Statistical analyses (Mann-Whitney-Wilcoxon and paired Wilcoxon tests) were performed using R statistical software package (http://www.r-project.org/). All data analyses were performed on linearized expression data (2ddCq) for each protein. A combination of box plots and swarm plots (a one-dimensional hybrid between scatter plot and strip chart) was employed to visualize the distribution of signals across subjects in particular subgroups. Radar charts were created for each pair of compared subgroups to visually assess the quantitative changes in levels of the most significant molecules, determined for each group pair by the Mann-Whitney-Wilcoxon test, and for paired samples (MM and MM-ASCT) by paired Wilcoxon test. P-value for each protein was adjusted for multiple comparisons using the False Discovery Rate (FDR) by the Benjamini-Hochberg procedure. A P-value < .05 was considered as significant.

Abbreviations

ADM, Adrenomedullin; ASCT, Autologous stem cell transplantation; CA125, Cancer antigen 125; CA242, CA 242 tumor marker; CCL19, Chemokine (C-C motif) ligand 19; CCL21, Chemokine (C-C motif) ligand 21; CEA, Carcinoembryonic antigen; CR, Complete remission; CSF1, Colony stimulating factor 1; CXCL5, C-X-C motif chemokine 5; CXCL9, Chemokine (C-X-C motif) ligand 9; CXCL10, C-X-C motif chemokine 10; CXCL11, C-X-C motif chemokine 11; CXCL13, Chemokine (C-X-C motif) ligand 13; EPO, Erythopoietin; FABP4, Fatty acid binding protein 4; FDR, False Discovery Rate; Flt3L, FMS-like tyrosine kinase 3 ligand; GDF15, Growth differentiation factor 15; GM-CSF, Granulocyte-macrophage colony-stimulating factor; HE4, Human Epididymis Protein 4; hGH, Human Growth Hormone; IFNγ, Interferon gamma; Ig, Immunoglobulin; IL1RA, Interleukin-1 receptor antagonist; IL2, Interleukin 2; IL4, Interleukin 4; IL6, Interleukin 6; IL12, Interleukin 12; IMiD, Immunomodulatory drug; KLK6, Kallikrein-6; KLK11, Kallikrein-11; kSVM, Extended Support Vector Machine; MIA, Melanoma-derived growth regulatory protein; MGUS, Monoclonal gammopathy of undetermined significance; MM, Multiple myeloma; MYD88, Myeloid differentiation primary response 88; OPG, Osteoprotegerin; PEA, Proximity extension immunoassay; PGF, Placental growth factor; PR, Partial remission; PRL, Prolactin; REG4, Regenerating islet-derived protein 4; SMM, Smoldering multiple myeloma; TGFB1, Transforming growth factor beta 1; THPO, Thrombopoietin; TRAP, Tartrate-resistant acid phosphatase; sAREG, soluble Amphiregulin; sBAFF, soluble B-cell activating factor; sBTC, soluble Betacellulin; sCAIX, soluble Carbonic anhydrase 9; sCD30L, soluble CD30 ligand; sE selectin, soluble E-selectin; sEGFR, soluble Epidermal growth factor receptor; sEMMPRIN, soluble Extracellular matrix metalloproteinase inducer; sEpCAM, soluble Epithelial cell adhesion molecule; sEpiregulin, soluble Epiregulin; sER, soluble Estrogen receptor; sFasL, soluble Fas ligand; sFOLR1, soluble Folate receptor alpha; sHBEGF, soluble Heparin-binding EGF-like growth factor; sHER3, soluble Receptor tyrosine-protein kinase erbB-3; sHER4, soluble Receptor tyrosine-protein kinase erbB-4; sHGF, soluble Hepatocyte growth factor/scatter factor; sHGFR, soluble Hepatocyte growth factor receptor; sIL2RA, soluble Interleukin-2 receptor alpha chain; sIL6R, soluble Interleukin 6 receptor; sIL17RB, soluble Interleukin-17 receptor B; sMICA, soluble MHC class I polypeptide-related sequence A; sPDGFB, soluble Platelet-derived growth factor subunit B; sPECAM1, soluble Platelet endothelial cell adhesion molecule; sSCF, soluble Stem cell factor; sTF, soluble Tissue Factor; sTGFA, soluble Transforming growth factor alpha; sTIE2, soluble Receptor tyrosine kinase Tie2; sTNFR1, soluble Tumor necrosis factor receptor 1; sTNFR2, soluble Tumor necrosis factor receptor 2; sTNFRSF4, soluble Tumor necrosis factor receptor superfamily member 4; suPAR, soluble Urokinase plasminogen activator receptore; sVEGFA, soluble Vascular endothelial growth factor A; VGPR, Very good partial remission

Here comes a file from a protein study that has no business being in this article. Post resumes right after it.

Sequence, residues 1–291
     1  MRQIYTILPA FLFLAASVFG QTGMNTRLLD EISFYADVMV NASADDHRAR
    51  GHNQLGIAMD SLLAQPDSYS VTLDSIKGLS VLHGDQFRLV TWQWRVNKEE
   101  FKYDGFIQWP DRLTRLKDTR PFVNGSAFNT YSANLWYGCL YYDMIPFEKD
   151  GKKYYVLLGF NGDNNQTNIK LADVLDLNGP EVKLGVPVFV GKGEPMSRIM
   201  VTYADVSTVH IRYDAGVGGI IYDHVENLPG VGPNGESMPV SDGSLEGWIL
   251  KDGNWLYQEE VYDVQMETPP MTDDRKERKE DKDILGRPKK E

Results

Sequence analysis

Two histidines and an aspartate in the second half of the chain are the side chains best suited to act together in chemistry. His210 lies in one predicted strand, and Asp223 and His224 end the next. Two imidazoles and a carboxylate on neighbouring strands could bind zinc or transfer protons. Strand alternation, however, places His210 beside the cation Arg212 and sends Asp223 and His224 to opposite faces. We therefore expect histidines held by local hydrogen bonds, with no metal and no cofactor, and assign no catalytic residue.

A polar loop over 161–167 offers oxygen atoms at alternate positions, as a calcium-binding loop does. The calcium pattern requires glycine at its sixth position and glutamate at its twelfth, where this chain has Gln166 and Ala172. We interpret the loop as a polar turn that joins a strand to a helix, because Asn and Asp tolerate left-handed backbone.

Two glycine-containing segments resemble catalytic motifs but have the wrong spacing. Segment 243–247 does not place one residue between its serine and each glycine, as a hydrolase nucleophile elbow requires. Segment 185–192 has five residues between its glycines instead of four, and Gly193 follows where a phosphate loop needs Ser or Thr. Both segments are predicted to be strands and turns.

CONFLICT OF INTERESTS

The authors declare no conflicts of interest.

GRANT SUPPORT

This work was supported by grant of Ministry of Health of Czech Republic (MZ ČR VES16-32339A), and in part by the Student Grant System, VŠB – Technical University of Ostrava (SP2016/68).

Authorship

P.S., T.P., and R.F. performed experiments; P.G., M.K., and P.K. analyzed the results and made the figures; T.P., V.S., J.M. collected patient material and provided clinical data; E.K., and T.Pa. designed the research; P.S., T.P., and E.K. wrote the manuscript; and T.Pa. suggested improvements to the manuscript.